One of the most difficult difficulties for early-stage founders is determining product-market fit, the elusive holy grail of business success. This significant milestone demonstrates to you — and possible investors — that your client base is actively buying, using, and discussing your product. In a nutshell, it decides your startup’s future growth and profitability. It appears to be a simple proposition. Find a market and develop a product to fulfill that market’s needs. It’s far easier said than done, and not just for early-stage entrepreneurs.
Quibi, a short-form mobile-native video platform, was co-founded by Jeffrey Katzenberg and Meg Whitman in 2020. The $2 billion private firms failed dramatically in less than six months, owing in large part to a terrible product-market fit. To our knowledge, no one has ever requested a short-form video on mobile. Achieving product-market fit is perhaps a company’s most important strategic goal. You won’t be able to tell if your product will make money without it, much alone focus on other important goals like growth or upselling clients.
You’re probably at the pre-product-market fit stage at this point in your startup career, or you think you are. Regardless of where you are on the product-market fit continuum, Terri Burns’ Finding Product Market Fit with Terri Burns at TechCrunch Early Stage on April 14 is not to be missed.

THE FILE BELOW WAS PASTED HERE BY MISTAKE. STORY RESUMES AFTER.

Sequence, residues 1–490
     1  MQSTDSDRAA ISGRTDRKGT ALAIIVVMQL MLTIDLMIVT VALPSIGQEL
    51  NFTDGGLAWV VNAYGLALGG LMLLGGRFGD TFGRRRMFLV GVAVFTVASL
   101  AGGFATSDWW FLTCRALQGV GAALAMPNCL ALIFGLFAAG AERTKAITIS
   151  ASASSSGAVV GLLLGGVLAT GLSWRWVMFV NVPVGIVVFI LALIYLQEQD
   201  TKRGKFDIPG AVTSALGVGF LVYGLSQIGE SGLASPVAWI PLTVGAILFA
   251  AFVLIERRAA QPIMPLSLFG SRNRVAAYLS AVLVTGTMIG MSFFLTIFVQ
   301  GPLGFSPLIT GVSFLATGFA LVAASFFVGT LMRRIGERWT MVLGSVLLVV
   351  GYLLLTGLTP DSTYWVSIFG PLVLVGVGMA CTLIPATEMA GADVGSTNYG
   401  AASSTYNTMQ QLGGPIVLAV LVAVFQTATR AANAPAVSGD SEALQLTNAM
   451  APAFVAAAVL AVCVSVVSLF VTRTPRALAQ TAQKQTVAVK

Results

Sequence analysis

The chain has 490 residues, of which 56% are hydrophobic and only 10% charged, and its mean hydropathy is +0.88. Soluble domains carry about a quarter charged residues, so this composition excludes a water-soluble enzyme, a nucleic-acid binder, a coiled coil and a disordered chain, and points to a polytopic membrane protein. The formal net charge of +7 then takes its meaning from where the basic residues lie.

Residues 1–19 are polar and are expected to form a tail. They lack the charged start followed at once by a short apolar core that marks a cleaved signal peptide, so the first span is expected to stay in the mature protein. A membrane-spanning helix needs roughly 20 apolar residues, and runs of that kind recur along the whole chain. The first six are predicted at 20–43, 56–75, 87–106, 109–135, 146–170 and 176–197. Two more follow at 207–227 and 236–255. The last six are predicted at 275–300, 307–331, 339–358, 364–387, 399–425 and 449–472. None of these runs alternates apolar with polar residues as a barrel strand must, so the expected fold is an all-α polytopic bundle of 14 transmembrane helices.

Terri Burns is a partner at GV (previously Google Ventures), where she invests in consumer firms and the future of work with the goal of assisting them in finding product-market fit. HAGS and Locker Room, which Spotify purchased in March and relaunched as Spotify Greenroom in June, are among her investments. Burns worked as an associate product manager at Twitter, focusing on user experience, until joining GV in 2017. She also worked for Venmo as a front-end engineer and developer evangelist.
Burns will go through the foundations of finding a product-market fit in this interactive discussion. She’ll set out and explain the steps needed, including how to incorporate customer feedback loops and the value of iteration, speed, consistency, and adaptability. TC Early Stage seminars provide you with plenty of opportunities to participate, ask questions, and walk away with a better understanding of the topics and skills that are critical to company success. Now is the time to reserve your seat before the price rises!